2019 Graduates Celebrated at Postbac Premed Program Class Day

The graduates of the Columbia University Postbac Premed Program celebrated Class Day on May 17 in Low Memorial Library. Faculty, administrators, fellow students, friends, and family honored the nearly 130 graduates for completing this important step on their journey to medical school and beyond.

May 20, 2019

Lisa Rosen-Metsch, Dean of the School of General Studies, welcomed the graduates and introduced the Class Day keynote speaker, Dr. Olajide Williams. Williams is the Chief of Staff of the Department of Neurology and an Associate Professor at Columbia University. He is also the founder of Hip Hop Public Health, Co-Director of Columbia University's Wellness Center, and Medical Director of New York Presbyterian's Comprehensive Stroke Center, Columbia University campus.

"Never relinquish your dreams—no matter how hard this is. Never surrender to fear—no matter how frightening this may seem," he said. 

Williams, who was named one of Fast Company Magazine's 100 Most Creative People, The Root's 100 Most Influential African Americans, and New York Magazine's Best Doctors, encouraged graduates to continue pursuing their aspirations.

"Many of you have already had great careers outside of medicine—in the arts, sciences, sports, and as entrepreneurs. You are here not out of pressure from a parent or a community or the lure of a financially secure occupation. You are here for the most noble of human reasons. To apply for the benefit of the sick all measures that apply. To remember that there is also an art to medicine, and that warmth, empathy, and understanding outweigh the surgeon's knife and the chemist's drug," Williams said.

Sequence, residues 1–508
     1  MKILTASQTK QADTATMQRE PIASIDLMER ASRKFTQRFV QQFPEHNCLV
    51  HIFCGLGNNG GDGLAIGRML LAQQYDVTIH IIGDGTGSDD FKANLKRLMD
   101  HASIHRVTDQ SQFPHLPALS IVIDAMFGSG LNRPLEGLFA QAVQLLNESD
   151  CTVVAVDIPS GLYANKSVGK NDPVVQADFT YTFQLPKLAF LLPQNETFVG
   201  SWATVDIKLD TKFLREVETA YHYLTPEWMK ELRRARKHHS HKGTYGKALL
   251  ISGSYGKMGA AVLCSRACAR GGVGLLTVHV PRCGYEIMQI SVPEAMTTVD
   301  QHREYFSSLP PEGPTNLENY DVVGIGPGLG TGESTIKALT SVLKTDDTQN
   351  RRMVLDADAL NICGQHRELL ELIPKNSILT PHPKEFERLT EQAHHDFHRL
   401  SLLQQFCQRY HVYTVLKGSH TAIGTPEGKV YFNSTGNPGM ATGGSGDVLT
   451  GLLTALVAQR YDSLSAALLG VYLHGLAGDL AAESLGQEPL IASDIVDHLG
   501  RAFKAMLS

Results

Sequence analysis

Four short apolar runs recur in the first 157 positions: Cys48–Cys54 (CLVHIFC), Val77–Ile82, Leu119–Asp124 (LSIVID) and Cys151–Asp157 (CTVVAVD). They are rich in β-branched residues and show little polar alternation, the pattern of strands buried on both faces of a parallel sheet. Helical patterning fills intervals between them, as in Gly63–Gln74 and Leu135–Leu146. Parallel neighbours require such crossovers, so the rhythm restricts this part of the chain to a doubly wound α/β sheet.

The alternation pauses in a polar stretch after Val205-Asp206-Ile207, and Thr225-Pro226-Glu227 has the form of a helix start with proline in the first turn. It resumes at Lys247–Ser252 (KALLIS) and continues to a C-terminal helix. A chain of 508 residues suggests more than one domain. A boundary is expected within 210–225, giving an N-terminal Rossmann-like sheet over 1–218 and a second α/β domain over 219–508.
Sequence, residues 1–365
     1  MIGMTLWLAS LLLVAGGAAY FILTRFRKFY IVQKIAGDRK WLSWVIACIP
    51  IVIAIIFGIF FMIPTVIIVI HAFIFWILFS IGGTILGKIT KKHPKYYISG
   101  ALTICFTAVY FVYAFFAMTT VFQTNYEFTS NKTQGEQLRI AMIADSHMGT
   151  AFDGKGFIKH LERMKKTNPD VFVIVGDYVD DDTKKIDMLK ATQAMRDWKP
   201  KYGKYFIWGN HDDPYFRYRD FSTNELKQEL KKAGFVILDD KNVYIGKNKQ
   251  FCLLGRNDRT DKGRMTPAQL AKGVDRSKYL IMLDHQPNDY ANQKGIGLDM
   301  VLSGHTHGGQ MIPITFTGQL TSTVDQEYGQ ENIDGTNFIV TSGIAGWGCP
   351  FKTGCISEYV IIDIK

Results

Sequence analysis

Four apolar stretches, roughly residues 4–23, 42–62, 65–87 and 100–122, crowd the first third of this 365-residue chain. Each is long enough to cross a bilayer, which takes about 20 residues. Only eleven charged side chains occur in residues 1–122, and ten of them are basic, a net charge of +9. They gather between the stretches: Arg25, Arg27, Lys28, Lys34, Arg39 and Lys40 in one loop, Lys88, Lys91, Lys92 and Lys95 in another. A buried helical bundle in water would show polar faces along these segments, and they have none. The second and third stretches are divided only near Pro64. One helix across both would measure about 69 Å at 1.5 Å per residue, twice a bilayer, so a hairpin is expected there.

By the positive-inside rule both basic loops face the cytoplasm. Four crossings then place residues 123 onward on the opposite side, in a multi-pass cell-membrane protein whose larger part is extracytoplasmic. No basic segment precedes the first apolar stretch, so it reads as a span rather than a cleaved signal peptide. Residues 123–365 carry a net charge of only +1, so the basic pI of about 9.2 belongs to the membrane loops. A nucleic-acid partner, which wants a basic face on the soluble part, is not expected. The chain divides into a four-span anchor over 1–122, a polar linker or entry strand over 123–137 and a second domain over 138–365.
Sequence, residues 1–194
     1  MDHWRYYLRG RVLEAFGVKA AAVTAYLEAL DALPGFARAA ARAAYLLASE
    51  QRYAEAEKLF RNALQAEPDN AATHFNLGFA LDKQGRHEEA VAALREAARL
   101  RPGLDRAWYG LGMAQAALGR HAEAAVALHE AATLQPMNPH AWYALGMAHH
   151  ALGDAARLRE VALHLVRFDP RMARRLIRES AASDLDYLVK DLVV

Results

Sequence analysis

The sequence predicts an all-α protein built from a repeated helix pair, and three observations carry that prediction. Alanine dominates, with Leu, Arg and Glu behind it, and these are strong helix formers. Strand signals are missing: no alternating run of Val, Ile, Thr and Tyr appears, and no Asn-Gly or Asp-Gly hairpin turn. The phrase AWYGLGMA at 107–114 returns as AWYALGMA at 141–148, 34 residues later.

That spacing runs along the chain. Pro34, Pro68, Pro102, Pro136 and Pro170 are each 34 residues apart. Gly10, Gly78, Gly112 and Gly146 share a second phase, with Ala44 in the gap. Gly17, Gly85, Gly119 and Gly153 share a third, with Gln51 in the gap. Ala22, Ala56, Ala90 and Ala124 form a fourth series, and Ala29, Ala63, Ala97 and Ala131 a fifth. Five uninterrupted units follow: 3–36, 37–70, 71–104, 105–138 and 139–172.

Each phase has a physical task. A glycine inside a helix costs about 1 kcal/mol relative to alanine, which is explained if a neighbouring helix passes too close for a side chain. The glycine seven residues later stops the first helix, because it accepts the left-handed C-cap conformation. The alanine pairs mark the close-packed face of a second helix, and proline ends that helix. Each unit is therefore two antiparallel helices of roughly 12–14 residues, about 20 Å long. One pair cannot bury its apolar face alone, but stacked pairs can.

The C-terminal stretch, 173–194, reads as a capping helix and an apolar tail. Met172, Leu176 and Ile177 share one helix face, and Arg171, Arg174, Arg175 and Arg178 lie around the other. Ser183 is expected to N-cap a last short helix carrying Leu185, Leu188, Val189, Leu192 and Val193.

Williams then joined Columbia faculty and administrators in congratulating the graduates as each was presented by Andrew Sunshine, Director of the Postbac Premed Program.

Following the presentation of graduates, the student address was delivered by Catherine Jennings, who served as Vice President of the Columbia University Premedical Association (PMA). In her speech to fellow graduates, she reflected upon her journey to the Program, as well as her time during the Program. She also acknowledged the diverse paths that led her graduating class to where they are today.

"Before coming to this program, you had earned degrees from all over the world. You'd worked as journalists and business executives. You'd flown planes, served in the military, performed as professional musicians and opera singers. You'd had so many unique experiences, like Ivan, whose work as a rock musician led him to filming NYU's first face transplant. Or Riva, who in my own personal nightmare, stepped on tick bombs in the Panamanian jungle, all in the name of scientific research. We entered this program with already impressive academic and life and work experiences. How hard could a little physics possibly be?"

Before joining the Postbac Premed Program, Jennings taught middle school science in both public and private school settings. She also danced with a modern dance collective in Tennessee and worked in therapeutic horseback riding, teaching riding lessons for children and adults with mental, physical, and neurological disabilities.

At Columbia, Jennings worked as a research associate in the Metropolitan Hospital Emergency Medicine department and published her first clinical research in the American Journal of Emergency Medicine under the mentorship of Dr. Getaw Worku Hassen. She also serves as a patient educator in Mount Sinai St. Luke’s Department of Bariatric and Minimally Invasive Surgery, where she led patient support groups and education sessions to help patients prepare for bariatric procedures. Next fall, she will attend the Columbia University Vagelos College of Physicians and Surgeons as a member of the Class of 2023.